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Saturday, October 18, 2014

Stem Cell Therapy in MS Looks Safe; Test of Efficacy Awaits Future Trials



by Richard Robinson

BOSTON—Intravenous infusion of autologous stem cells is safe in multiple sclerosis (MS), according to final results from a recently completed trial. But the single dose used in the trial provided no evidence of effectiveness. Another trial just getting underway suggests that intrathecal administration is also safe, but the question of whether multiple doses can help repair a damaged nervous system may remain even once the final trial results are known.

The cells used in both trials were mesenchymal stem cells (MSCs), derived from patient bone marrow and then purified and expanded in vitro.

“One of the reasons there has been such an interest in mesenchymal stem cells is that there are established methods to confirm purity and functional capacity,” said Jeffrey A. Cohen, MD, who led the intravenous trial. Dr. Cohen, director of the experimental therapeutics program at the Mellen Center for Multiple Sclerosis Treatment and Research at the Cleveland Clinic, presented the findings in September at the joint meeting of the Americas Committee for Treatment and Research in Multiple Sclerosis (ACTRIMS) and the European Committee for Treatment and Research in Multiple Sclerosis (ECTRIMS).


 
A bone marrow harvest in progress. Image via Wikimedia Commons.

Results from the experimental autoimmune encephalitis (EAE) mouse model of MS provided the rationale for the therapy, showing that injected cells can migrate to the site of inflammation and aid in remyelination.

Dr. Cohen led a study in which 24 MS patients received a single intravenous infusion of 1-2 million cryopreserved autologous MSCs. Patients were followed for the two months it took for the withdrawn cells to be expanded, and then for six months after treatment. The last patient completed follow-up in January 2014.

Feasibility and safety were the primary outcomes for the Phase I trial. “Overall, we encountered no significant safety issues,” he said. “There were, in fact, very few if any side effects, and certainly no serious or severe adverse events.”

There was no indication of any increase in lesions, “but also no apparent benefit,” Dr. Cohen said. The researchers observed no change in either median or mean disability scores, although a few patients showed some improvement. “While there was no evidence of disease activation, there was also no evidence of benefit on any of these measures for patients as a group,” he said.

The results of the study “support the feasibility, safety, and tolerability” of intravenously administered MSCs for MS, Dr. Cohen said. But  “there are a number of issues that need to be resolved before moving to Phase II [trials],” including dose, number of treatments, whether cells from a disease-free donor might offer advantages, and whether cells should be cryopreserved, as they were in this study, or injected fresh from the expansion culture.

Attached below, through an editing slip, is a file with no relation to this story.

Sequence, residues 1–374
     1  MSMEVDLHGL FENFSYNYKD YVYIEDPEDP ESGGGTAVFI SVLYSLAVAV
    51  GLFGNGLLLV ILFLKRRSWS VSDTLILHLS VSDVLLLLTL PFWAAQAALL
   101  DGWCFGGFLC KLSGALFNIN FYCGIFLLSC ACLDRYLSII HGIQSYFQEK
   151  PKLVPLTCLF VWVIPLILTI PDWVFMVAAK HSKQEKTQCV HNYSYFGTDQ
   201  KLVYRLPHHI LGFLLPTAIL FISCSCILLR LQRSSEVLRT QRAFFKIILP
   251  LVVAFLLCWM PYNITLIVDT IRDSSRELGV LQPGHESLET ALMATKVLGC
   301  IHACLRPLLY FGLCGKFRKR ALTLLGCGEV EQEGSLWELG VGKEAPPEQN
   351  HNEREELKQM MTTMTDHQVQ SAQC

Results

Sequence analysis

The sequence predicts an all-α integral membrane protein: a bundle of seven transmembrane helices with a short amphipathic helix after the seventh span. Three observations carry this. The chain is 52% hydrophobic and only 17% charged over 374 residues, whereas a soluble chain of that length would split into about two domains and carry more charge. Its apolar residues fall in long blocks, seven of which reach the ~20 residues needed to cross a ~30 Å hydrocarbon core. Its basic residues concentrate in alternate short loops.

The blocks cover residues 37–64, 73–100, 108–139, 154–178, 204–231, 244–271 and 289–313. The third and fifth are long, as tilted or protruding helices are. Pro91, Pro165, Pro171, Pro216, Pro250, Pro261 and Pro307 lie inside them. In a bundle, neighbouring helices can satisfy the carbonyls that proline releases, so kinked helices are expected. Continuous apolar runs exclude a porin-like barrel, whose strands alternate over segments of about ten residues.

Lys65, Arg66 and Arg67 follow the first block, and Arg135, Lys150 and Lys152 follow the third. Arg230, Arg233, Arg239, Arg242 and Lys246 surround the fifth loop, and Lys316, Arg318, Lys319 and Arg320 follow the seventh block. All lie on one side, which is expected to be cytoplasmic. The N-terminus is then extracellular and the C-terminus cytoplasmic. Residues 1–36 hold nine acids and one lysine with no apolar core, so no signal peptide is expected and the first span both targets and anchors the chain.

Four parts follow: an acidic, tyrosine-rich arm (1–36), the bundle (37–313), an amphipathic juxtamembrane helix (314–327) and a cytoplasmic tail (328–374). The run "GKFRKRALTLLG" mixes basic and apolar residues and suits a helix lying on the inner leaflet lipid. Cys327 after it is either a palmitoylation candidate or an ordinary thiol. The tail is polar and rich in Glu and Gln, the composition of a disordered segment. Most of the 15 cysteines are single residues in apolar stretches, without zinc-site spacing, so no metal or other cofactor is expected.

Meanwhile, Saud A. Sadiq, MD, FAAN, director of the Tisch MS Research Center of New York, is leading an ongoing study of infusion of autologous MSCs, which differs in several potentially important ways from Dr. Cohen’s study. The stem cells in his study are infused intrathecally, they are fresh — not cryopreserved — and patients receive three doses, not one. In addition, the MSCs are treated during the expansion process with growth factors to convert them to neural progenitor cells. “This reduces their lipidogenic and osteogenic potential, which had been thought to be a risk,” Dr. Sadiq explained.

The multiple dosing was based on preclinical work in the EAE mouse. “We found that a single dose had very little effect while multiple doses led to a sustained clinical benefit,” with improvement in the EAE clinical score and a decrease in demyelination and T-cell infiltration, he noted.

An unpublished initial clinical study in six patients, some of whom are now in their ninth year of follow-up, suggested the treatment was safe, with no formation of tumors or ectopic tissue.

That led to the current trial, in which 20 patients will receive three injections of up to 10 million cells each, spaced three months apart. So far, three patients have received at least one infusion; one patient had received two infusions at the time of the presentation. Dr. Sadiq said that so far there have been no adverse effects, except for spinal headache.

“We think that if there are any benefits, it is probably based on the growth factors that the cells secrete, the local immunoregulatory effects they would have, and migration to sites of injury,” Dr. Sadiq said. “We don’t think there is a direct remyelination by these cells.”

Dr. Cohen concurred. “We don’t think these cells directly replace cells in the nervous system,” he said. “If they promote repair, it is by enhancing intrinsic repair mechanisms.”

Look for the full discussion and more news from the ACTRIMS/ECTRIMS joint meeting in the Nov. 6 issue of Neurology Today. For more coverage of MS research, browse our archives here: http://bit.ly/NT-MS.


Article Source found here


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